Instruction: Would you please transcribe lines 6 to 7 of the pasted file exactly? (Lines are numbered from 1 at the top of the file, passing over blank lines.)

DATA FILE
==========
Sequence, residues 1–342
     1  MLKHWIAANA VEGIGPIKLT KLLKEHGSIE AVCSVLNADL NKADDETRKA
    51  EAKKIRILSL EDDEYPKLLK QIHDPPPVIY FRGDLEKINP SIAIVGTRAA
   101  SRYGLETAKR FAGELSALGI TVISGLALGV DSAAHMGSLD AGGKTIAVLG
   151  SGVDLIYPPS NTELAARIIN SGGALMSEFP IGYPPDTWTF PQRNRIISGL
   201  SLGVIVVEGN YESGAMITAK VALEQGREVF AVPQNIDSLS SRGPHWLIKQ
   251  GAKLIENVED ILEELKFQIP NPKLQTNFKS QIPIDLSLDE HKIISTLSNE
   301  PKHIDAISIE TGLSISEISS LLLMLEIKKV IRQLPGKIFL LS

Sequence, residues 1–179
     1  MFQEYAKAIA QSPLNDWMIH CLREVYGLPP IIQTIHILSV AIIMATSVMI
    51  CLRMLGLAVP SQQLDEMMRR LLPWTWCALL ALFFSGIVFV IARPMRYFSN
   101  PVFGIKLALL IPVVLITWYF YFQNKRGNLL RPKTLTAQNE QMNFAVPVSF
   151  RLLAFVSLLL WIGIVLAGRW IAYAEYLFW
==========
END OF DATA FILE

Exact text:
   201  SLGVIVVEGN YESGAMITAK VALEQGREVF AVPQNIDSLS SRGPHWLIKQ
   251  GAKLIENVED ILEELKFQIP NPKLQTNFKS QIPIDLSLDE HKIISTLSNE